Hot Rod was meant to be pink? They actually MADE a grey Astrotrain? What do you mean Alternators Jazz was supposed to be a Porsche?! Having begun to explore the appeal of pre-production items in the later Transformers universe last week, this week sees us go back even further in time before G2 and delving into the most holy of pre-production material, the G1 prototype. Shrouded in mystery and subject to the ravages of time, recent years have blessed us with some almighty finds and truly legendary items.
If you read last week’s instalment, by now you’ll have a pretty good idea of what makes pre-production material so valuable, rare and exceptionally sought-after to collectors of a certain ilk. Being lucky enough to own a piece of Transformers history, to know that an item in your collection once graced a board meeting at Hasbro or Takara and was a vital link in the chain between a designer’s imagination and the store shelf, cannot be quantified.
The sad fact about collecting G1 prototypes, test-shots and other such items is that there simply isn’t enough to go around. Most of these kinds of finds are made privately, when a collector is fortunate enough to track down an ex-Hasbro employee and clear out whatever they may have been holding onto for a couple of decades. Very rarely are these things dropped on eBay, so automatically they are limited to quite a small number of people in the fandom. Another restrictive feature is that there are so few of these things to begin with. The number of production toys for a particular mould, compared to the number of resin hardcopy prototypes is just incomparable.
With all that said, imagine everyone’s shock when the ex-director of Hasbro Europe Boy’s Toys division decided to throw this little beauty onto eBay UK:
This mostly yellow G1 Tracks prototype had been sitting in a cupboard somewhere in the UK for a number of years until it was auctioned relatively recently. The stamping on the toy is G1, so it’s definitely not one of those Jolly Rancher-coloured Lunchtime Specials from the reissue runs in China, this is genuine G1 pre-production gold. A find like this reminds us that no matter how many decades have passed since the glory days of G1, no matter what quantity of famous protos and unreleased gems have surfaced, you just do not know what is around the corner. The appearance of this yellow Tracks sparked a frenzy amongst proto collectors and the seller was subsequently cleaned out of his best stuff pretty sharpish. This is not a game for the procrastinator.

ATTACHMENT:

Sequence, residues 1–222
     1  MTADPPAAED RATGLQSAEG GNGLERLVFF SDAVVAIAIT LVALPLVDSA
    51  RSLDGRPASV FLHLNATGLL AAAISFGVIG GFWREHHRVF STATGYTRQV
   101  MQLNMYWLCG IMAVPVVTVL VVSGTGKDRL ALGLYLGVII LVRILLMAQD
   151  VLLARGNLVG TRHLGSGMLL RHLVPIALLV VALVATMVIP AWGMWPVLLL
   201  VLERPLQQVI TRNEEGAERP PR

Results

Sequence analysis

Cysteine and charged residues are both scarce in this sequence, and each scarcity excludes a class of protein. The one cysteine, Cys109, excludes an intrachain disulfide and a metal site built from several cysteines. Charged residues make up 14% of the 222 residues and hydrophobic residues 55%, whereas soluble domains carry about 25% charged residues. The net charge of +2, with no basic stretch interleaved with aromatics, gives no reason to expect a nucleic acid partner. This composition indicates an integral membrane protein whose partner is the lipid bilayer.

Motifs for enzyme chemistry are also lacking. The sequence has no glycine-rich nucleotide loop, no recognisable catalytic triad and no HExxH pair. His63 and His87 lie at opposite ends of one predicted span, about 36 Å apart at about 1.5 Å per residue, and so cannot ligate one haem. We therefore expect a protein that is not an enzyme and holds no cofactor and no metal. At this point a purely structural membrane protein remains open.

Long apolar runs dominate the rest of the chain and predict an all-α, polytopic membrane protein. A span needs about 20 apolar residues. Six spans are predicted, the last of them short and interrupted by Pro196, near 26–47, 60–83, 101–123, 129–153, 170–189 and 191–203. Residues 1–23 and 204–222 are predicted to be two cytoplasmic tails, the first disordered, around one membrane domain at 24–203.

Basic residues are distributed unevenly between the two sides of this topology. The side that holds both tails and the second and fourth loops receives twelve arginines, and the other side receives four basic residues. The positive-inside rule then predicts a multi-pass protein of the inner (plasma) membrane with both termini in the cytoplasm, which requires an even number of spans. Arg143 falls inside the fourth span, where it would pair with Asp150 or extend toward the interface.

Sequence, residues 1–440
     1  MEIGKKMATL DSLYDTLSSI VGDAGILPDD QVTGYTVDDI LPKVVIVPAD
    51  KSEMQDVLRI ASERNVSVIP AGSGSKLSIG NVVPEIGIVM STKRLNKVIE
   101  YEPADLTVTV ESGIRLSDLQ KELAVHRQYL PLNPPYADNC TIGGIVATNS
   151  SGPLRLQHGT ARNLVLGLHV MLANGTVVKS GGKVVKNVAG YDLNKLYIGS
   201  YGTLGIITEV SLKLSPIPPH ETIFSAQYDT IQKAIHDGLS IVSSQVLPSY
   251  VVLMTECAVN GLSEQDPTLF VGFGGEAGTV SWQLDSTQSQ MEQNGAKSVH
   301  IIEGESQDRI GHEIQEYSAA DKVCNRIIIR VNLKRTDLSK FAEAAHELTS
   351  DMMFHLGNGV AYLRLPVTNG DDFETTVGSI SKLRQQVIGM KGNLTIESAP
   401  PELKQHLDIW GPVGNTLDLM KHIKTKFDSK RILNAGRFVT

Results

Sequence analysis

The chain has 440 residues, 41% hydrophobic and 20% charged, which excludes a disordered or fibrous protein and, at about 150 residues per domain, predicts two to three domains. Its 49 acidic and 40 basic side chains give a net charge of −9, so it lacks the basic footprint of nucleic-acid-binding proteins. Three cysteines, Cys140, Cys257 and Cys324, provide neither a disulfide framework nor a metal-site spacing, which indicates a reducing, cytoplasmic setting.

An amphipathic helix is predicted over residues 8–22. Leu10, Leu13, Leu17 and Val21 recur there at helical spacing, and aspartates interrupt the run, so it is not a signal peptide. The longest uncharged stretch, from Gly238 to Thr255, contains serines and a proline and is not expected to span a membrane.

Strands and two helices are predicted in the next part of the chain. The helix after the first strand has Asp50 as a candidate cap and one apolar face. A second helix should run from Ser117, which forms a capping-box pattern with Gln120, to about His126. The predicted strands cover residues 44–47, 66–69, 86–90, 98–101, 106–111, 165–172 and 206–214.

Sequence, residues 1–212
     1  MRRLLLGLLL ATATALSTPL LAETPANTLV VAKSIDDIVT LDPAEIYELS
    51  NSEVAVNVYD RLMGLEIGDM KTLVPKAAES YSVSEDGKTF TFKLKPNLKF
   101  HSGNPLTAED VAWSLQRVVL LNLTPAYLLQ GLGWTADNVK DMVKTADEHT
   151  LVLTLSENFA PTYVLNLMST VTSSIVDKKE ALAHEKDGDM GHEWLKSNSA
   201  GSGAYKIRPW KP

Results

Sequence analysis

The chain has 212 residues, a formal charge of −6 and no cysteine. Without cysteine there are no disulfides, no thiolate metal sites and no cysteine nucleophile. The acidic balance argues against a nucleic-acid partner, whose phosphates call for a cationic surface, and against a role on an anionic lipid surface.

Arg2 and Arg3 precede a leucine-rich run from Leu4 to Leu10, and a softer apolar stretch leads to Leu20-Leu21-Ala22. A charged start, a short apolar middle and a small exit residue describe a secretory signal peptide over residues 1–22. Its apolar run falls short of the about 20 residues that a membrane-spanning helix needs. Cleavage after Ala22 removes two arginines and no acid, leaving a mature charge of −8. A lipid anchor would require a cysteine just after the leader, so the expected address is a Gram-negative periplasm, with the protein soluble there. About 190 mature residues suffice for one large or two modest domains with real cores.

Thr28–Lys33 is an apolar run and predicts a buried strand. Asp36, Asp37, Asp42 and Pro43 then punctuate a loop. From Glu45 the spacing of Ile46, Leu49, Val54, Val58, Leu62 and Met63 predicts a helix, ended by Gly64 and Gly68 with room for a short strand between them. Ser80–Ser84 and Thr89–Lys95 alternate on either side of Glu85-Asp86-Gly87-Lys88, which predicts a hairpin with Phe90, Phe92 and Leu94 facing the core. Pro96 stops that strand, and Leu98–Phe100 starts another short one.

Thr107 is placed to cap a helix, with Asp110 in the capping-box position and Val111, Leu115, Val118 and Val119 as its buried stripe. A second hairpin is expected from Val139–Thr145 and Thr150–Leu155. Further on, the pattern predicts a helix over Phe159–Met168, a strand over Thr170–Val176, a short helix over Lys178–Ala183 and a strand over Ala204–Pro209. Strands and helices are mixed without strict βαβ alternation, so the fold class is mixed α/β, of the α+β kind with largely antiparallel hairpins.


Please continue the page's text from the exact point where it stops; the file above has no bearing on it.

Prototypes from the G1 animated movie era are a wonderful niche of pre-production collecting. Since most of the moulds released during this period were brand new and not just repainted/re-tooled Diaclone or Microman moulds, a relatively significant number of hardcopies, test shots and samples have been unearthed. This has allowed us to closely follow the chronology and evolution of particular characters and toys from first concepts to final release specimens. The half-resin half-plastic Springer you see above has very clearly hand-coloured stickers and was undoubtedly used for a Toyfare or catalogue photoshoot somewhere in the past.
Other such gems from that era include a pink hardcopy Hot Rod that’s a little taller than production Hot Rod, and a Blurr that has an almost perfectly movie-accurate face sculpt. And the less we talk about Unicron prototypes, the better! It should however be mentioned that a well-known prototype dealer sold a Unicron prototype at a BotCon for a reported $11,000. Still want in?
Yet another fantastic advantage to owning or seeing prototype Transformers toys is their ability to reveal hidden modes or long-abandoned gimmicks which never made it to production. This kind of thing can really enhance one’s appreciation of a previously un-noteworthy mould, or just augment one that was already well-loved. The wheels seen on the above resin hardcopy Punch Counterpunch are a fine example, time finally revealing whispers of a third mode which never made it to the production toy.
While many types of pre-production item are massively important when it comes to charting chronology, evolution and never before seen features, sometimes certain prototype toys are desireable and valuable for no reason other than they are absolutely beautiful to look at. The clear resin Headmaster Highbrow and Hardhead above, complete with Headmaster partners, are drop-dead gorgeous. That’s not to say they don’t exhibit fascinating mould variations, they most certainly do.